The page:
Putting It All Together
Staff involvement is critical to successful employee relationships. While having a comprehensive business communication and recognition program is nice, your regular staff meeting is a fundamental vehicle for bringing the pillars for successful employee relations together.
Your staff meetings need to reinforce the guiding vision of the company and the related business objectives. Unfortunately, employees sometimes get so engrossed in their assigned areas that perceived gaps among peers widen. These meetings are not simply opportunities for bulletin updates; they help you get key information on how well your team is working together and performing. A couple of starter questions to ask from each member are: 1) “Tell me about what you are working on.” and 2) “What challenges have you faced or foresee facing?” Pay particular attention to the diverse perspectives and personalities of each team member. Your guidance will always play a critical part – keep asking probing questions to get to the root of the issue.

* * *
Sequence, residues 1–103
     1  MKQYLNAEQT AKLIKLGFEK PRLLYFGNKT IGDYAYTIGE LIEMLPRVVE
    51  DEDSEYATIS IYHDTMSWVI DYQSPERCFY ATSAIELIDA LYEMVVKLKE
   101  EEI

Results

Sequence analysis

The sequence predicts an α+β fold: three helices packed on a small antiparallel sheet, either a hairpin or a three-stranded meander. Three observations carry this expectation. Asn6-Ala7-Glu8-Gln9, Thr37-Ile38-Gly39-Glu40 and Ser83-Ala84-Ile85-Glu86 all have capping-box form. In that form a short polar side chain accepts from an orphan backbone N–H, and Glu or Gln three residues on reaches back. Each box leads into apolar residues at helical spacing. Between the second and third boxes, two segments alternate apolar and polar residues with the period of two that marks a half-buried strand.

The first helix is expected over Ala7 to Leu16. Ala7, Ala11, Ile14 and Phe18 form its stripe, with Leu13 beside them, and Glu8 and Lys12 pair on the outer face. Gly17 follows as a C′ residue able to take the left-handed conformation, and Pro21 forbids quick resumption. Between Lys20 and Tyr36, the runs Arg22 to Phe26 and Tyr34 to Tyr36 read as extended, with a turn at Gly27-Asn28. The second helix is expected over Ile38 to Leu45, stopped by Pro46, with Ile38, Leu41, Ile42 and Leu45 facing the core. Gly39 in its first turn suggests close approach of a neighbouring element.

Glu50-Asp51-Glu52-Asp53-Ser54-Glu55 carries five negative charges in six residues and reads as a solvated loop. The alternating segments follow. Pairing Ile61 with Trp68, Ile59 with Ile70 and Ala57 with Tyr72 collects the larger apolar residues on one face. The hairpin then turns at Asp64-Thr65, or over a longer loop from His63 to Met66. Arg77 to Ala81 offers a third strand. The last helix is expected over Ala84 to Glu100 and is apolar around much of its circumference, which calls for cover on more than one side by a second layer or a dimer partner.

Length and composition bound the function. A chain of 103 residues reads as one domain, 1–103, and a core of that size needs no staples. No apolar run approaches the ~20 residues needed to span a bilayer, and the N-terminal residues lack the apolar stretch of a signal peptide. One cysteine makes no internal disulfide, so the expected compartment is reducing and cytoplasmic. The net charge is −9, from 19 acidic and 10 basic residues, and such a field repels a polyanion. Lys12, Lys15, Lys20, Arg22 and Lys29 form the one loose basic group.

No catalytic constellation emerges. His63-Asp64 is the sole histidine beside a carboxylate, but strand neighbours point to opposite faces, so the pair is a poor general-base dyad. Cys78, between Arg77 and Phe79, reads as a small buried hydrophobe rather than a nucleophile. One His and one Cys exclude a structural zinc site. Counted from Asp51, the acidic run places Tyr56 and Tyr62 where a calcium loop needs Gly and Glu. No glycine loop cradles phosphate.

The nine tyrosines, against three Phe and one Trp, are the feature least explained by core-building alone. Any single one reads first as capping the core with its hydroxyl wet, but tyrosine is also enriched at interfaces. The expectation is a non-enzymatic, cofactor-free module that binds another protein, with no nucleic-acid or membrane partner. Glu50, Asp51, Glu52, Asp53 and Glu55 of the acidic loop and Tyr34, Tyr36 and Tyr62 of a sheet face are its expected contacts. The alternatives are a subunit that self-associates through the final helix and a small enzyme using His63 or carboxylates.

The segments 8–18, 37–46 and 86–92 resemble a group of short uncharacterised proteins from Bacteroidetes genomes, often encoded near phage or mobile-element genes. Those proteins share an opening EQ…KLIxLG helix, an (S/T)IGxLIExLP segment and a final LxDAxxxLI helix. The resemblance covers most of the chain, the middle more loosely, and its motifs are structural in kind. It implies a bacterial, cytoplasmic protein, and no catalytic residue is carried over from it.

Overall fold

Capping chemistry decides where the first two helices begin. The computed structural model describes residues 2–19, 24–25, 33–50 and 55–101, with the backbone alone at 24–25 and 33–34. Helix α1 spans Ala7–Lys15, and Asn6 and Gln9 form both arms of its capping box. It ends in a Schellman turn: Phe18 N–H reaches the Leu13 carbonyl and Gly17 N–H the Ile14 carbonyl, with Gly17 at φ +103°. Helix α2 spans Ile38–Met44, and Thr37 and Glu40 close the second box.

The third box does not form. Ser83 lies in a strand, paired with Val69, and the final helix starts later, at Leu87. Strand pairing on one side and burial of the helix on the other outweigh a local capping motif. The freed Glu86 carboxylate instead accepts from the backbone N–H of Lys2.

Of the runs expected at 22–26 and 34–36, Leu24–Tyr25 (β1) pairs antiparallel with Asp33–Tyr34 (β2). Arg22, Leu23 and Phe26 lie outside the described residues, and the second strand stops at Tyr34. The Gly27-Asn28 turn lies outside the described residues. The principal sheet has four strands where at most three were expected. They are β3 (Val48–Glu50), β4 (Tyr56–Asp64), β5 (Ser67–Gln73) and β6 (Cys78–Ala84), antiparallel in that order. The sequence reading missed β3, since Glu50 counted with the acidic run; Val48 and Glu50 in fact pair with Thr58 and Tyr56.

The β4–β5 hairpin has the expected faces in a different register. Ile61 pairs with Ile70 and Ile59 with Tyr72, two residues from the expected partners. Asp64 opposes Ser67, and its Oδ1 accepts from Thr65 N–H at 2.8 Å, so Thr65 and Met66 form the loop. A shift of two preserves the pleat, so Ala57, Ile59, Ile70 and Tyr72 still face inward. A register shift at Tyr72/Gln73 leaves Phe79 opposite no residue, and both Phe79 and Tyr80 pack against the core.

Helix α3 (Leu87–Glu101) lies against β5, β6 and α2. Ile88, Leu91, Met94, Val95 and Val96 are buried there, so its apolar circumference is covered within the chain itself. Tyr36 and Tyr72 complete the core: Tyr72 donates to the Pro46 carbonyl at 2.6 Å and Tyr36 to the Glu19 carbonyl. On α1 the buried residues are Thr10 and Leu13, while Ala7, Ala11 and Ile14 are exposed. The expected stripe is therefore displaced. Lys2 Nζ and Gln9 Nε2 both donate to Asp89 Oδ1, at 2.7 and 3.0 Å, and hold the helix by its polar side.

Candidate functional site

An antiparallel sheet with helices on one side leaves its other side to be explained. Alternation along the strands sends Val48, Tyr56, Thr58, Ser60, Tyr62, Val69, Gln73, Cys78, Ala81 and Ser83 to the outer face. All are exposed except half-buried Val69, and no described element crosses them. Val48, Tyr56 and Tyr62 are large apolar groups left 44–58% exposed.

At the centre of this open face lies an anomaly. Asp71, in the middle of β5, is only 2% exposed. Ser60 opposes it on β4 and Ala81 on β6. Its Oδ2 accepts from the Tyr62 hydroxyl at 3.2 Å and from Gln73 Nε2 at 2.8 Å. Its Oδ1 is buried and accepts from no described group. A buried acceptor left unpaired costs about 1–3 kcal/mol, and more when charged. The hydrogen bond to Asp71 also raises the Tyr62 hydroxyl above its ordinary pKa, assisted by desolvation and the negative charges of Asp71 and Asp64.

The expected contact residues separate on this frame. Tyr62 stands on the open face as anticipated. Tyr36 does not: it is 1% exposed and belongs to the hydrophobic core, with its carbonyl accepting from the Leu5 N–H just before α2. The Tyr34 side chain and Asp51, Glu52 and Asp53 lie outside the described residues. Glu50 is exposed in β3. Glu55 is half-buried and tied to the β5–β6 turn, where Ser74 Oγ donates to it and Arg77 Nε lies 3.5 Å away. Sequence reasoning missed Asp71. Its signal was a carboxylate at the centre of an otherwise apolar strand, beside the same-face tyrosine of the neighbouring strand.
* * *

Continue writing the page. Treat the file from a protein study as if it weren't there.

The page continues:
Inviting each employee to provide feedback, share observations, and recommend solutions increases inclusiveness and a stronger connection to the company. To minimize a potential gripe session, focus on discussing ways to improve. When appropriate, have the employee take ownership of a suggestion he or she offers. Depending on the scope of the activity, invite peers not only to comment but to volunteer direct efforts as well. For instance, ask the question: “How can we help support your idea?” or “What other resources do you think you’ll need?” All the while, encourage the group to determine and agree to the criteria and timelines to help gauge progress.